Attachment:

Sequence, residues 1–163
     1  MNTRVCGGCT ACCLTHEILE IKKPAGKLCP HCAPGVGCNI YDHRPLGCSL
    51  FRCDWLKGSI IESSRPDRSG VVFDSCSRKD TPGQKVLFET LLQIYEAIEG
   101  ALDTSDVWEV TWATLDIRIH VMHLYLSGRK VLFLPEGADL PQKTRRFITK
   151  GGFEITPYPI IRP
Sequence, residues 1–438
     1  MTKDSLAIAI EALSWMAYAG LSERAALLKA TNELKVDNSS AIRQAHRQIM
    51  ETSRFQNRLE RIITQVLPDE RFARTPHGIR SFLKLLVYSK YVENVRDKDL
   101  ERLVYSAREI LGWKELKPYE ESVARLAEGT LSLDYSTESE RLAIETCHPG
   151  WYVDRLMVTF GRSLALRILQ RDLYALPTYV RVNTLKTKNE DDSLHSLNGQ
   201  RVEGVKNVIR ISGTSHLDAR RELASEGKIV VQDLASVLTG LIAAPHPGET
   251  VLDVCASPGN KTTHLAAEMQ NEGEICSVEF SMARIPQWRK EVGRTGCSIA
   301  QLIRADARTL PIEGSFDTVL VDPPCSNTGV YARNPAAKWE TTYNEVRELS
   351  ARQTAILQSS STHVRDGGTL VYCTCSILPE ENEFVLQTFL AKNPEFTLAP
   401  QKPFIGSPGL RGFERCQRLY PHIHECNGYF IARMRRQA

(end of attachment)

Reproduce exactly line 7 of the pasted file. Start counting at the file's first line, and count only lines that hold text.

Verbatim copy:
     1  MTKDSLAIAI EALSWMAYAG LSERAALLKA TNELKVDNSS AIRQAHRQIM